In T.S. Eliot’s play Murder in the Cathedral, Thomas à Becket is accosted by a temptation to martyrdom, that is, to win fame and glory by his death. When he realizes the nature of the temptation, he exclaims, “The last temptation is the greatest treason: To do the right deed for the wrong reason… A Servant of God has a chance of greater sin and sorrow, than the man who serves a king. For those who serve them” (44-45). Becket’s words go to the heart of today’s gospel. Giving alms, prayer, and fasting, all good deeds, may be done for the wrong reason. Acts meant to serve God may also serve our egos.

Deeds that serve God differ from those that serve our egos because of the motive that underlies them. As John Chrysostom comments upon today’s gospel, “Since even if you should enter into your closet, and having shut the door, should do it for display, the doors will do you no good” (“Homilies on the Gospel of Saint Matthew” 132). We can draw as much attention to ourselves by standing in a corner as by basking in the limelight. In this regard, Jerome warns us, “Don’t seek the fame of avoiding fame. Many who avoid having witnesses of their poverty, their tenderness of heart, their fasting, desire to win approval for the fact that they despise approval” (160-61). The motive out of which our choices arise is all-important because it determines the nature of our actions. If we give alms in order to be known to be generous, then our action is not a deed of generosity but of pride.

It matters little what we pride ourselves in because the lure of pride does not lie in the object of our pursuit but the distinction that it confers upon us. But, ultimately, the distinction that pride bestows betrays those who practice it. For whenever our pretense has evoked the praise of others, we become enslaved to the admiring audience that we have created. The Greek word translated in today’s gospel as hypocrite (hypokrites, meaning actor) is instructive in this regard. Every actor knows that he is only as good as his last performance and stands in dread of a bad review. The more our self-esteem depends upon the opinion of others, the more insecure we become.

Being insecure in self-esteem is the core dynamic of what psychologists call a narcissistic personality disorder. This might strike us as strange because narcissists often project a grandiose persona of self-assurance. But their personas are fragile. Narcissists easily become depressed and full of self-doubt when they receive less than rave reviews for their performances. They are like kites. When the winds of approval and applause are favorable. narcissists fly high; when the winds of acclamation subside, they fall into the doldrums of despondency and despair.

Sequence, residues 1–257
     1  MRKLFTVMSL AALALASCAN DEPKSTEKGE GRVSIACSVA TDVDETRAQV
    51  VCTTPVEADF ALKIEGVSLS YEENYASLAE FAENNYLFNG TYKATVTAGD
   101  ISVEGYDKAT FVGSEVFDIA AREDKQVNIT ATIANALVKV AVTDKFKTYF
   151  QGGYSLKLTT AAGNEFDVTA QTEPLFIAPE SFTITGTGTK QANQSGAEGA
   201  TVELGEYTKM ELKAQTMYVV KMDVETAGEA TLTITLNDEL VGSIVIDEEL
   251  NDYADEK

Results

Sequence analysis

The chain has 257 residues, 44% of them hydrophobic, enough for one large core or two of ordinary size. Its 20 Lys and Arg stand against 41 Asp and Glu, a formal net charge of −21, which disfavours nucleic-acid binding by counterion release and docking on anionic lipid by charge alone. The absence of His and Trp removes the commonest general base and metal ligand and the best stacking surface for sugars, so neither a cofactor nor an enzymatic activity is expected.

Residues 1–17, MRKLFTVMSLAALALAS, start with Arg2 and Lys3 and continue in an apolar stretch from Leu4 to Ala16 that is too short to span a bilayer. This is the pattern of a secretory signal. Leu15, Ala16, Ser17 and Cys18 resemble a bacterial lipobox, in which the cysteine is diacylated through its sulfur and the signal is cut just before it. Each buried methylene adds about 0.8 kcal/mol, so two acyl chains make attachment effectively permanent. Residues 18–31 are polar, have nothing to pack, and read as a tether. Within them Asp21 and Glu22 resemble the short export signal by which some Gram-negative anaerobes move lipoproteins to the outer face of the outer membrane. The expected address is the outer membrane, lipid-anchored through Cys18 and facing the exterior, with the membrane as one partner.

Most of us have a narcissistic wound, for we are insecure in the knowledge that we are loved. So we go through life wearing masks, conning parts, playing roles, giving performances in the hope of winning love or at least curtailing disapproval. In this regard, we are all frightened hypocrites.

There is nothing wrong with receiving praise, but the more we seek it, the more we become addicted to it. Jesus is straightforward in what we must do. We must fast from any behavior that is designed to win the approval of others. Jesus’ counsels to “go to your room and pray in secret … keep your deeds of mercy secret … groom your hair and wash your face when you fast” are but three examples.

Augustine writes that when we fast from our play-acting, we are “cleansing the eye by which God is seen” (“The Lord’s Sermon on the Mount’ 92). We cannot see our Father who dwells in secret if our minds are preoccupied with our performance. Saint Teresa tells us, “All harm comes to us from not keeping our eyes fixed on [God]” (“The Way of Perfection” 97). As we begin Lent, let us direct our gaze inward, to the God who dwells in secret and who loves us.

 

~ A Meditation by Marc Foley, O.C.D.